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Cyprus

Hundreds protest against government green light for asphalt plant near Stavrovouni

Residents blocked closed the road leading to the monastery and army barracks located in the area (CNA)

Over 200 people living in the area around Kornos and Pyrga protested on Saturday against the government’s decision to licence an asphalt concrete plant in the area.

The residents, including monks from the nearby Stavrovouni monastery, assembled outside the Skyra Lima premises, blocking access and closing the road leading to the monastery and army barracks located in the area.

The demonstrators shouted slogans like “clean water, clean air, indisputable rights” and “we want to breath clean air” to protest the cabinet’s decision to change the leasing agreement to allow Skyra Lima to set up a plant to produce and recycle asphalt concrete.

Speaking on behalf of the monastery, Gregorios Stavrovouniotis, said they were disappointed by the way the government was handling the matter.

“We believe our area is already burdened and cannot take more,” Stavrovouniotis said. “Our efforts have fallen on deaf ears; we are determined to ensure our basic human rights to health and a healthy environment in any way.”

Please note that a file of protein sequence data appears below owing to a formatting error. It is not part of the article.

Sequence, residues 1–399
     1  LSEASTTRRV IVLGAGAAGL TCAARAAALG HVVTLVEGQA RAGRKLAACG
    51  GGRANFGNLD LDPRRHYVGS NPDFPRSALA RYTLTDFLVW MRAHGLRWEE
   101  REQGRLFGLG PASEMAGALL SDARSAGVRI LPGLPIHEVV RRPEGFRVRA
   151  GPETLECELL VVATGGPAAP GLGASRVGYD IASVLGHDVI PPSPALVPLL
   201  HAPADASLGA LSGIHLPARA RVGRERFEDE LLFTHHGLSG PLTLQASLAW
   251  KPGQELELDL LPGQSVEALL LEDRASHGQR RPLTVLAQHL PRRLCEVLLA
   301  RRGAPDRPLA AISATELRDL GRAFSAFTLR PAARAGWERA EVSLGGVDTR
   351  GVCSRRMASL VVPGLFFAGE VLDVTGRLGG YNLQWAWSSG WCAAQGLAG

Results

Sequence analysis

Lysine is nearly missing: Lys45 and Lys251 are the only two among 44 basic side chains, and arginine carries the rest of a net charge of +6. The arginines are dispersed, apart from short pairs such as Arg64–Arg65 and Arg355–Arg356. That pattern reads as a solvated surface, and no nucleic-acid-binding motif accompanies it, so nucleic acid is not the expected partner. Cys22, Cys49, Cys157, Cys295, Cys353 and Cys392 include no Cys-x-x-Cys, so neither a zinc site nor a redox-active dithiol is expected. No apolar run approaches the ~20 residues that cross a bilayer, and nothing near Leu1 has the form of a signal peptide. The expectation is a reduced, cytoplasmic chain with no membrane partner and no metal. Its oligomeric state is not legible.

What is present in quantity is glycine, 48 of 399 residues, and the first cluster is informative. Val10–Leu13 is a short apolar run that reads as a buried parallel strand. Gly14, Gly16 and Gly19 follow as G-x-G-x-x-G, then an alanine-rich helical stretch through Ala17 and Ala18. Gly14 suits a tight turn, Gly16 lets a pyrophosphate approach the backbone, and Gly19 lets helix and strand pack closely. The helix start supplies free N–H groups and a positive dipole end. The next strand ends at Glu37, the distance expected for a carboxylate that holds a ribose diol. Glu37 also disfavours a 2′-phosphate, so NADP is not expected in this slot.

Stavrovouniotis vowed that the next protests would be more dynamic, and the residents will block any effort to start work on setting up the plant.

He expressed hope the government would think again and consider the issue with “more seriousness and responsibility”.

Akel MEP Giorgos Georgiou accused the government of putting private financial interests above everything else.

“From Yeroskippou to the sea caves, we have reached Stavrovouni, and the same tragic situation is repeated,” he said. “Financial interests are set above the health of the citizens, above the environment, ecology, religion, entertainment and the purity of the environment.”

Earlier this year, the environment department gave the green light for the construction of the asphalt plant reasoning that the project would be constructed in an existing quarry zone, and that under the terms and preconditions that have been set, would have no negative consequences on public health or the environment.

 

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